Photographs by Meadow Linn

Tuesday, May 10, 2011

Giving up the Struggle, Looking for Joy

I avoid conflict whenever possible. I avoid hardship and struggle. And when faced with two options, I aim for the path of least resistance. Though, I am not lazy or a wimp. I enjoy hard work. I have, however, learned that when life gives you lemons, sometimes you need to make lemonade, but sometimes you need to get rid of the lemons and find something else.

The boarding school was on the beautiful Maine Coast
Many of the big decisions in my life have been made by doing what feels comfortable and easy. Ignoring the "wants" and "shoulds" doesn't mean that the path I choose is less difficult, it just means that it feels manageable because it's the right direction for me. When I was searching for a job after graduate school, I started by looking at jobs in the business world because that's what I thought I should do. With a masters degree in French Cultural Studies, I considered working in international business, which seemed like the right thing to do. I didn't realize it at the time, but there was a heaviness that hung over me every time I perused
My classroom when I taught French to young kids in Los Angeles
websites of potential employers. On a whim I decided to look at job openings at boarding schools. I was certain that I didn't want to be a teacher, but I thought I would take a quick look anyway. As soon as I started looking at teaching jobs, the weight that I didn't know I'd been carrying lifted. Suddenly, leaving graduate school and getting a job didn't seem so scary and overwhelming. It was actually exciting. Within a day or two, I had an interview with a school that was a perfect match for me and within a week I was offered a job.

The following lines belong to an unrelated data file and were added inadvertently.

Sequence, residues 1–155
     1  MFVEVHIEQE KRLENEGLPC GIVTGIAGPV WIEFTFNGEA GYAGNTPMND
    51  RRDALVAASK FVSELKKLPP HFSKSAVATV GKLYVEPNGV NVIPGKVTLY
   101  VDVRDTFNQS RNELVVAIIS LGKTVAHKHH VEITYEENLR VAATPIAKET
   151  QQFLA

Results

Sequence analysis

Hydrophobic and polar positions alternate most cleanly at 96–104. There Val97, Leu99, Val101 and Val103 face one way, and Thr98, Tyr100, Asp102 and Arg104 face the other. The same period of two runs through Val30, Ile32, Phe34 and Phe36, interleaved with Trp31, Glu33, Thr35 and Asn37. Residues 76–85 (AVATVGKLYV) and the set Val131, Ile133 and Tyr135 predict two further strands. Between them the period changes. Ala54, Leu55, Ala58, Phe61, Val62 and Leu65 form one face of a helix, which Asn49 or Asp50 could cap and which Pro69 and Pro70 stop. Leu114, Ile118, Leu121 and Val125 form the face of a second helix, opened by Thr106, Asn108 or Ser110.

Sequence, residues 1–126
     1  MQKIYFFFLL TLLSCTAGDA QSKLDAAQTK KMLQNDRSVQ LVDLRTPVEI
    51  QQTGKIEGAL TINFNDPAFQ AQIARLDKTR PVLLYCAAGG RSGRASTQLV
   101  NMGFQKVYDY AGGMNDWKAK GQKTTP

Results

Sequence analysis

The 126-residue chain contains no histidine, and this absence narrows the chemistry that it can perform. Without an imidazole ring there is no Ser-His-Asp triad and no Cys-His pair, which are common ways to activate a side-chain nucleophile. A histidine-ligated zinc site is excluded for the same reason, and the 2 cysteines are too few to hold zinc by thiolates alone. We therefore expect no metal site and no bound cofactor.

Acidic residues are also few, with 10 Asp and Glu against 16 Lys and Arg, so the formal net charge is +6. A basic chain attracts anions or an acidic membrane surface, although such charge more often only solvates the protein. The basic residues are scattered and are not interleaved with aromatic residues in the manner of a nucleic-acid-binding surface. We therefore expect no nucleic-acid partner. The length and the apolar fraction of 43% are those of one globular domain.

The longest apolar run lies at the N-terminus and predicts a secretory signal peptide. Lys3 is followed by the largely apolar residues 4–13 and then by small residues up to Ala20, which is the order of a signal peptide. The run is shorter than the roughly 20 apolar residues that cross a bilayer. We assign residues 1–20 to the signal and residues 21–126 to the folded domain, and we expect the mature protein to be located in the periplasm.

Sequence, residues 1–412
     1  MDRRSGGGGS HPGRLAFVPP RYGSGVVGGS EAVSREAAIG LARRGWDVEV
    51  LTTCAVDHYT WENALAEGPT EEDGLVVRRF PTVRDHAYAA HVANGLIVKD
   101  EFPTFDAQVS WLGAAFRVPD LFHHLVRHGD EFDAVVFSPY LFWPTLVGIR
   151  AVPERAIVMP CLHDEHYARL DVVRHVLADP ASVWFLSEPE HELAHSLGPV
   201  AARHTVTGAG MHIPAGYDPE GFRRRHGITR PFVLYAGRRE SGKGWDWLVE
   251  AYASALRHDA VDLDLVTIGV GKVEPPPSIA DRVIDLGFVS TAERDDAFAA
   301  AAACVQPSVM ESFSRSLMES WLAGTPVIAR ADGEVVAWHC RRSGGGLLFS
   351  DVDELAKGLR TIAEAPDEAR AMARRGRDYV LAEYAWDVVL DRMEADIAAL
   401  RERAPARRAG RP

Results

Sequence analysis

Teaching French by singing
I ended up teaching French for eight years. Midway through; however, I started to think that maybe it was time for a change. I'd been passionate about food and cooking my entire life and wanted to pursue a culinary career. If I were told I could only cook one thing for the rest of my life, it would be salsa. Finding the right combination of salty, sweet, sour, and spicy makes me feel like an alchemist. So, I started making plans to leave teaching and start bottling my favorite Mexican sauces. I did market research, attended a natural food trade show, and played mad scientist in the kitchen with piles of tomatoes and chiles. But nothing came together. Everything seemed hard, every step laborious. What should have been exciting and invigorating was instead overwhelming and
Salsa verde with thick-cut corn tortilla chips
daunting. What could have felt like the beginning of an exciting new chapter in my life, instead felt like standing at the edge of a massive abyss whose deep and dark cavern I would fall into at any moment. I loved cooking and I loved making salsa, and though I was willing to work hard and make the necessary sacrifices, I just couldn't seem to make it happen. 

Fresh tomatillo